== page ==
REPORTING: Reflections on my career

 

By Gayle Hays

Driving my car the other day here in Seattle, it occurred to me that I had graduated from Kenosha Technical Institute in Kenosha, Wis., as it was called then, forty years ago in June 1973 with an associate degree in Court and Conference Reporting. I’d like to tell you what that education has meant in my life.

I come from a blue-collar family with five siblings, so college was never a possibility for me. But I definitely knew I didn’t want to be a waitress the rest of my life in a small town of East Troy, so I flipped through the KTI programs book. I can still recall the picture of the young lady sitting at the steno machine. I had zero knowledge about it but I signed up. Getting through two years of school was the toughest thing I ever did, especially getting my speed up to where I could keep up with someone talking. And I got whipped into shape with my math, anatomy, business law, and philosophy (which I didn’t like). Back then tuition was free. I only needed to buy books and get myself to school the hour each way, rain, snow, or shine, in my little Volkswagen Beetle.

Of course, everything has changed since then. There’s no more carbon paper or white-out. It’s gone from typing to realtime on a computer. I started out my career filling in at court in Waukesha County, including the awful day when two people murdered in the next courtroom. I freelanced in the Walworth-Kenosha-Racine County area for many years and then moved to Seattle in 2001.

I knew I could always take care of myself and my family financially, without having to depend on anyone. When I moved to Washington, I found a job in pretty much 15 minutes because I’m a Registered Professional Reporter, and that means something. Every working day has been interesting, meeting new people. Even if the subject of the lawsuit is, say, plumbing, it means someone’s life and someone’s money. I haven’t had a nine-to-five job in decades. I answer to no one since I’m incorporated as my own company.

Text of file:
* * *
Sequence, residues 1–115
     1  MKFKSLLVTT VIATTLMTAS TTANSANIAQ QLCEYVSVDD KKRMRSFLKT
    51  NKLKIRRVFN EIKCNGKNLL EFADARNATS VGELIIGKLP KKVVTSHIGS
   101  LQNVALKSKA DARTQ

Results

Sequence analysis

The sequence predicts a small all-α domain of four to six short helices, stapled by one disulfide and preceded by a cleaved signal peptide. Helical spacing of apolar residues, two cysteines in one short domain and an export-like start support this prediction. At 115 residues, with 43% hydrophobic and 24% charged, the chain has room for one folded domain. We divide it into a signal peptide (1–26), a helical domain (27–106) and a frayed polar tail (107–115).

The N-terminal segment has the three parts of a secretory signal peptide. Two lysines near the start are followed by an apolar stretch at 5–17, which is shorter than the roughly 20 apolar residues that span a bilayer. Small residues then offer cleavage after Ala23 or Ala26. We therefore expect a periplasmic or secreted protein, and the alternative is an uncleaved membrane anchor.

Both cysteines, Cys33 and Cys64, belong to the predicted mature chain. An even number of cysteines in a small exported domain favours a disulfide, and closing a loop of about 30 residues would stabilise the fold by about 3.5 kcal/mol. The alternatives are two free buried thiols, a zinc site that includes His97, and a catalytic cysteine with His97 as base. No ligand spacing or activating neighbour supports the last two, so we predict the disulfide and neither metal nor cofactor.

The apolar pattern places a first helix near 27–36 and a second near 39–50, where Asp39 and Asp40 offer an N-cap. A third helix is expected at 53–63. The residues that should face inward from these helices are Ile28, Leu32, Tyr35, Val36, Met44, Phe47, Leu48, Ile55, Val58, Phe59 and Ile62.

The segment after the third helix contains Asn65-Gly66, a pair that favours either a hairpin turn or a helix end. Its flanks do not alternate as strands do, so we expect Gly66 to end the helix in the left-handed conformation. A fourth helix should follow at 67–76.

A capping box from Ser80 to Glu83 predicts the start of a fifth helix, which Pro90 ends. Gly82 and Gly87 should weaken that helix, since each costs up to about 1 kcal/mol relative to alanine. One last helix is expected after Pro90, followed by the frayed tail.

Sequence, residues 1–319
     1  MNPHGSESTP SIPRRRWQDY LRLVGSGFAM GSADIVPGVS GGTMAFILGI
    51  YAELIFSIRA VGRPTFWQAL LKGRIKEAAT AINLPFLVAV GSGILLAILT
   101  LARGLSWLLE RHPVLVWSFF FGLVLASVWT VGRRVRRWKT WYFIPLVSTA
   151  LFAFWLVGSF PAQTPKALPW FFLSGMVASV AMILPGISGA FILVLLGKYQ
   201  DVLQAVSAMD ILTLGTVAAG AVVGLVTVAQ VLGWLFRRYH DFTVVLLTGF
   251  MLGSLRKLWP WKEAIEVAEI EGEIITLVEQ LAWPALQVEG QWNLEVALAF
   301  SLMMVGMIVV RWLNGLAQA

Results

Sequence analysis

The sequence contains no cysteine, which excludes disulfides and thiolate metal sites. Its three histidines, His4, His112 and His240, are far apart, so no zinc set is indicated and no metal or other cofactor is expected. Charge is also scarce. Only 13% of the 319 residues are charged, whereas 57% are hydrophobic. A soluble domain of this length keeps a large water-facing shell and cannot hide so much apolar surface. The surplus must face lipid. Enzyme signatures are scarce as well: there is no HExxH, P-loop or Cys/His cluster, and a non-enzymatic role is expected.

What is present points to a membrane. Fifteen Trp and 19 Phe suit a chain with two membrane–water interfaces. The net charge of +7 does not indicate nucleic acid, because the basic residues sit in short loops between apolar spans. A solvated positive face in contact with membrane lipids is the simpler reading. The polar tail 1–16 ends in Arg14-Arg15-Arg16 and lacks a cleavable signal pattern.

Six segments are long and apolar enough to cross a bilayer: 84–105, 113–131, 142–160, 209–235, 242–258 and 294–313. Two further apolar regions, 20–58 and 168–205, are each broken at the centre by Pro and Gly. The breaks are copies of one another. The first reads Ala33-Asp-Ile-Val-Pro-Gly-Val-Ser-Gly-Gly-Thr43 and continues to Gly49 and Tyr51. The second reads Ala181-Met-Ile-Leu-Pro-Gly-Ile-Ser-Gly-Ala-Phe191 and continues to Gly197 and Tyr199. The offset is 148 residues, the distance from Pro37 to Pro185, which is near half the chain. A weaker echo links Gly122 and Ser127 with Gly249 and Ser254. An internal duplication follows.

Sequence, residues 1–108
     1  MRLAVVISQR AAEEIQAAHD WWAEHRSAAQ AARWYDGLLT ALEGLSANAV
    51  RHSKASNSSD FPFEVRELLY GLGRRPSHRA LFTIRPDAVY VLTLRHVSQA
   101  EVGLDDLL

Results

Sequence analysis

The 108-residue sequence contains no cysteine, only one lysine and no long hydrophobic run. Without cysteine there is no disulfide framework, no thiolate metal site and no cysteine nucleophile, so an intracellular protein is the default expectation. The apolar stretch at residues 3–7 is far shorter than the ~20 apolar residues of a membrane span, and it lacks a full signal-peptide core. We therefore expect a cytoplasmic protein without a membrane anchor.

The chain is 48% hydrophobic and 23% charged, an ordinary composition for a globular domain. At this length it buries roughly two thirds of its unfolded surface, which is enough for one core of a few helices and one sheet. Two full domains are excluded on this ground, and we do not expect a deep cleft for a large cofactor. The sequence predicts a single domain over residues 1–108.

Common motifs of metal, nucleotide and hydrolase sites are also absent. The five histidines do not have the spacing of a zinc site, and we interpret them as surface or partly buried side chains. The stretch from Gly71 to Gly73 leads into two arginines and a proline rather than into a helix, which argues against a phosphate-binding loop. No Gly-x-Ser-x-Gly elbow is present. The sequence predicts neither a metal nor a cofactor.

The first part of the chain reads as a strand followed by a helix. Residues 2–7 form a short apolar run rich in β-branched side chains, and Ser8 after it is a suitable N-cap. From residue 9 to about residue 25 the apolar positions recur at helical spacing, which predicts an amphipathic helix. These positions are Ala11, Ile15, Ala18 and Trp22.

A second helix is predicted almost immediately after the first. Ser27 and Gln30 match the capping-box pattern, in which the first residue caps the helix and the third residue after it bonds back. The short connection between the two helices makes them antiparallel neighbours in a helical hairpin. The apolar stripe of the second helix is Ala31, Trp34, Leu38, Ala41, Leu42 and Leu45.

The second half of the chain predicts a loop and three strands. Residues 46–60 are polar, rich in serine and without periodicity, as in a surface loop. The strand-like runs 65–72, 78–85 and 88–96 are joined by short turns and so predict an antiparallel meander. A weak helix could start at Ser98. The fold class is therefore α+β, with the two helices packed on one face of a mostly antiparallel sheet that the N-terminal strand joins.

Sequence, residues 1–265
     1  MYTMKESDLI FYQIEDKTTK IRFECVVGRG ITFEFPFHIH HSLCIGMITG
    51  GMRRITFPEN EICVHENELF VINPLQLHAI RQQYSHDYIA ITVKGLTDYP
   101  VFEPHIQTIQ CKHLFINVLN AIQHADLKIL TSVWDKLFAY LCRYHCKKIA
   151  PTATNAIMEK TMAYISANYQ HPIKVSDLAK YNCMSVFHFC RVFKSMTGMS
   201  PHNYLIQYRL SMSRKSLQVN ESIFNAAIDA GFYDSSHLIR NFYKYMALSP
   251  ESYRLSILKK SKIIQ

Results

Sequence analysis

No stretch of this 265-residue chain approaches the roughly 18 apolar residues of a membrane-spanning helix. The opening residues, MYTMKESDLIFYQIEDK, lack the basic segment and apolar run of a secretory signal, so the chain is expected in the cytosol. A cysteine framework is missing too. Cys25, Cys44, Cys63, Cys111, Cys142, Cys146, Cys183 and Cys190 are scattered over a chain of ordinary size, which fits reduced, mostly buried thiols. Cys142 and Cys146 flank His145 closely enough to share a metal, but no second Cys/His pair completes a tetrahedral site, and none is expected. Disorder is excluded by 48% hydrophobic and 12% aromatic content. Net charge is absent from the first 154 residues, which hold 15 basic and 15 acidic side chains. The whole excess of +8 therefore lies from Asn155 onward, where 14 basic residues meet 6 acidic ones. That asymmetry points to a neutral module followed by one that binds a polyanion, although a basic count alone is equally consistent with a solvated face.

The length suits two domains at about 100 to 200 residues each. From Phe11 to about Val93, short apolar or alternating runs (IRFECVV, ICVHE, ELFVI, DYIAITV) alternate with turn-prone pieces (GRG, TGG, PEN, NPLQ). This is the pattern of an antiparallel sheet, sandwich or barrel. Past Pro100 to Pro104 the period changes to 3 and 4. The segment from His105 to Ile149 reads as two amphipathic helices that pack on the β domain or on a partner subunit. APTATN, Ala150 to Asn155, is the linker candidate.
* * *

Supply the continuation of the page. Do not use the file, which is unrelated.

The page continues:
Some testimony has been challenging, and I’ve heard terminology on everything from toxicology to blood-splatter science. I’ll do research for my transcripts until it’s absolutely correct. The highlight here in Washington was the occasion when I did realtime before the Washington State Legislature on huge screens around the room on hearing-impairment issues.

And now I’m on the cusp of retirement. I don’t know who said that, if you have a job you love, you never work a day in your life, and that’s very true for me. I haven’t “worked” since 1973. Thank you.

Gayle Hays, RPR, owner of Hays Reporting, Inc., is a freelancer in Renton, Wash. She can be reached at jghays@q.com.